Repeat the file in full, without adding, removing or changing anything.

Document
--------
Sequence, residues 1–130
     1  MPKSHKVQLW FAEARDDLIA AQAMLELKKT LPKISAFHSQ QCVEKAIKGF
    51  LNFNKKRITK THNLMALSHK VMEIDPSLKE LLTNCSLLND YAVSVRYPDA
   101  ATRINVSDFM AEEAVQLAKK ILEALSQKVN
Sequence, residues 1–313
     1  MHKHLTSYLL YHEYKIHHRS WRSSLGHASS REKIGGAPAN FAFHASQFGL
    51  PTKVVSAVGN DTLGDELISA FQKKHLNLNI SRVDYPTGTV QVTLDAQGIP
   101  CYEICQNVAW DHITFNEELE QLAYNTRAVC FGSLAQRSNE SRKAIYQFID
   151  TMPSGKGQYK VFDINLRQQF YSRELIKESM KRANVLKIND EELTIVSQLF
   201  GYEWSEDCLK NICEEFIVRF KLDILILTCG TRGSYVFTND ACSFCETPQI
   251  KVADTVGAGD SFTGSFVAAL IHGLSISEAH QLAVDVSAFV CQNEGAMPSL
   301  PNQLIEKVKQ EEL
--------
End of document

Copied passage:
Sequence, residues 1–130
     1  MPKSHKVQLW FAEARDDLIA AQAMLELKKT LPKISAFHSQ QCVEKAIKGF
    51  LNFNKKRITK THNLMALSHK VMEIDPSLKE LLTNCSLLND YAVSVRYPDA
   101  ATRINVSDFM AEEAVQLAKK ILEALSQKVN
Sequence, residues 1–313
     1  MHKHLTSYLL YHEYKIHHRS WRSSLGHASS REKIGGAPAN FAFHASQFGL
    51  PTKVVSAVGN DTLGDELISA FQKKHLNLNI SRVDYPTGTV QVTLDAQGIP
   101  CYEICQNVAW DHITFNEELE QLAYNTRAVC FGSLAQRSNE SRKAIYQFID
   151  TMPSGKGQYK VFDINLRQQF YSRELIKESM KRANVLKIND EELTIVSQLF
   201  GYEWSEDCLK NICEEFIVRF KLDILILTCG TRGSYVFTND ACSFCETPQI
   251  KVADTVGAGD SFTGSFVAAL IHGLSISEAH QLAVDVSAFV CQNEGAMPSL
   301  PNQLIEKVKQ EEL